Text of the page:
Blum says she was dismayed by how her arrest highlighted the view of ducks as matter without spirit. “It deeply saddened me to see that people’s priorities could be so topsy-turvy; that these animals, who could now swim and preen and enjoy the sun and life for the first time, were being treated as property and that this was the rationale behind the charges against me,” she says. “In the end, having the charges dropped, I can only hope, is a small sign that the reality of the foie gras industry is so harrowing people cannot fall back on easy arguments that animals are merely property, and I think that the continuing legislative efforts to protect animals against this horrific forced-feeding bears this out.”

“We certainly did not want to go to prison,” adds Shapiro. “But we absolutely recognized that no punishment would be as bad as what the 500,000 ducks in foie gras farms or the ten billion animals on factory farms in the U.S. go through every year. No jail cell is more restrictive than an isolation cage, and we were eager to confront the charges against us and to shine the spotlight on these egregious and horrific practices. I think once this became apparent, HVFG simply wasn’t interested in having that level of attention remain on them for that long.” He acknowledges that while is illuminating the horrors of factory farming, the Patriot Act is casting an ominous shadow over them. “The cynical exploitation of September 11th to marginalize animal advocates as terrorists was deeply troubling to us,” he says. “While we were very worried about it, it doesn’t appear we’ve been labeled ‘terrorists.’ But we’re definitely always mindful that we, like all animal advocates, are vulnerable to serious harassment under the guise of security measures.”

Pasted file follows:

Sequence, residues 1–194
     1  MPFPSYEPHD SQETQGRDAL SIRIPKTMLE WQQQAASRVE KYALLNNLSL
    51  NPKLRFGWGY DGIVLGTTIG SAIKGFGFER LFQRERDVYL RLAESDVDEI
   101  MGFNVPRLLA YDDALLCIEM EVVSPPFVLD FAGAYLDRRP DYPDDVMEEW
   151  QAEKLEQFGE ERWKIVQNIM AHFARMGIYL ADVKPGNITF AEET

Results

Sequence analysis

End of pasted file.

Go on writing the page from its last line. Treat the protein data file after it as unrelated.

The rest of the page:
It is apparent that activists are making it more difficult for animal agriculture to carry on with business as usual—and facing the consequences of their actions more frequently. “As we speak,” says Blum, “members of the animal protection group Compassionate Consumers, who recently concluded an investigation and open rescue at battery cage egg farms controlled by Wegmans, are also facing charges in New York State. It seems clear that factory farmers have become increasingly threatened by animal advocates exposing the appalling conditions at their facilities and are becoming more desperate in their responses.” When the charges against them were dropped, Blum and Shapiro agreed not to enter HVFG again, though each remains committed to the group’s investigative work (assisted by the Animal Protection and Rescue League). “Though I cannot go back to HVFG, I can wake up each day and work to close them,” says Blum. “And that is just what intends to do. The whole experience of my arrest, and its aftermath, has only strengthened our resolve and our ability to put an end to the cruelty that is foie gras.”

Mark Hawthorne is a contributing writer for Satya. To take further action: don’t buy foie gras and let others know why; educate local restaurants and grocery stores and ask them to take this gourmet cruelty off their menus and shelves; and visit to request a copy of ”Delicacy of Despair.”